Anchorage students join ‘March For Our Lives’ against gun violence
Anchorage residents took to downtown streets Saturday as part of a nationwide march against gun violence, in the wake of February’s mass shooting in Parkland, Fla. which left 17 people dead.
Hundreds of Alaskans joined the “March For Our Lives” which started at noon Saturday on the Delaney Park Strip. Organizers of the national event, including survivors of the Feb. 14. Marjory Stoneman Douglas High School shooting, have called on politicians to support stricter state and national U.S. gun laws.
Several student speakers at Saturday's event, including Service High School student body president Dieuleveut Biringanine, delivered impassioned pleas to end the scourge of school shootings and other gun violence before a young and enthusiastic crowd.
"We the people of the United States, we are tired of seeing our people gunned down by our fellow classmates, we are tired of seeing which school will be next; we are tired," Biringanine said. "We cannot watch our future be wiped out by bullets."
Their march had one message.
“Enough is enough,” said Dimond High senior James Schultz. "It could be us next, especially in Alaska when there is so many guns."
For many of the students at the march, this will be their first year voting after they turn 18.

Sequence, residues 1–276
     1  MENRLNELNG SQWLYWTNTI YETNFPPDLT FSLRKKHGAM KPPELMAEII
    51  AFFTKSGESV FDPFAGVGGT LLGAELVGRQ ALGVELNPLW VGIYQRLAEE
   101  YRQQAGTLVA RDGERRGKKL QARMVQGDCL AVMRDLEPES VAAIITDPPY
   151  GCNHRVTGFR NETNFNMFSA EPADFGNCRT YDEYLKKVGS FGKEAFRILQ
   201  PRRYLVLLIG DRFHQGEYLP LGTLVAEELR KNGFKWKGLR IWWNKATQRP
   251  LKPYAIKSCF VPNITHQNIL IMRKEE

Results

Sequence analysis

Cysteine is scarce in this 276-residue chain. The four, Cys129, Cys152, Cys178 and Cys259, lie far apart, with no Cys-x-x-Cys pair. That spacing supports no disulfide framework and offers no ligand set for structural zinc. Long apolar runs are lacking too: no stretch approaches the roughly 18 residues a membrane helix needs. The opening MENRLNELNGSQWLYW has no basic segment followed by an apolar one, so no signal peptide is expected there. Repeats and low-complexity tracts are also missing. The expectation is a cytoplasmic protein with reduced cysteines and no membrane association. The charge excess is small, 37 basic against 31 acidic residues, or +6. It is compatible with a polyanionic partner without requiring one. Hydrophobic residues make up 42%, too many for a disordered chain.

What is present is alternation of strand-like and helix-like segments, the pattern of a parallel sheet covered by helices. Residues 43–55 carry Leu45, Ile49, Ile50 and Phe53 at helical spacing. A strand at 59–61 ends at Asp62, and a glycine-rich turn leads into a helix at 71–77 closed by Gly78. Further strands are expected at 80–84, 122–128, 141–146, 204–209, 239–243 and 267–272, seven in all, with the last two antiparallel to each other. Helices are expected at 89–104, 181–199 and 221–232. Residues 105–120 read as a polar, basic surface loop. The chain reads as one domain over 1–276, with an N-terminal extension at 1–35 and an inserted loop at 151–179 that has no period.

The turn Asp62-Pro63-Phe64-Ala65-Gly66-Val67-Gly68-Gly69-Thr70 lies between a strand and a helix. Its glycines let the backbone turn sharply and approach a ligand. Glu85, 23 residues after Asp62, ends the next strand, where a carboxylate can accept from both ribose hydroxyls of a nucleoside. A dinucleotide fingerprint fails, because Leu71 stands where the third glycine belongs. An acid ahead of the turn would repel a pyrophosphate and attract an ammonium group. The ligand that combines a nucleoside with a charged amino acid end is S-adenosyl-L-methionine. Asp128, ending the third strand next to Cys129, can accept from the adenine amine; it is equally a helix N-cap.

"They’re not just like kids,” said Biringanine. “We aren't only about social media. We can make a change and we can make noise."
But to students this march isn't political -- it's personal.
“We need to open up the conversation to talk about solutions," Biringanine said. "This is not about partisan views, this is not about Republican, moderate, conservative or left, this is about lives -- and when we lose sight of that, where is our nation going to be in a few years?”
Those calls have resonated with students on the Last Frontier, who walked out of two Anchorage high schools a week after the Parkland shooting. They were soon followed by students in Juneau and some in the Mat-Su Borough, who conducted a walkout at Palmer High School focused on showing kindness to classmates.
Other Alaska marches were held Saturday in Fairbanks, Homer, Juneau and Ketchikan, according to organizers.
The Associated Press reported that hundreds of thousands of people had joined Saturday marches across the U.S., with demonstrations held across the world in support of the event as well.
Cassie Schirm contributed information to this story.
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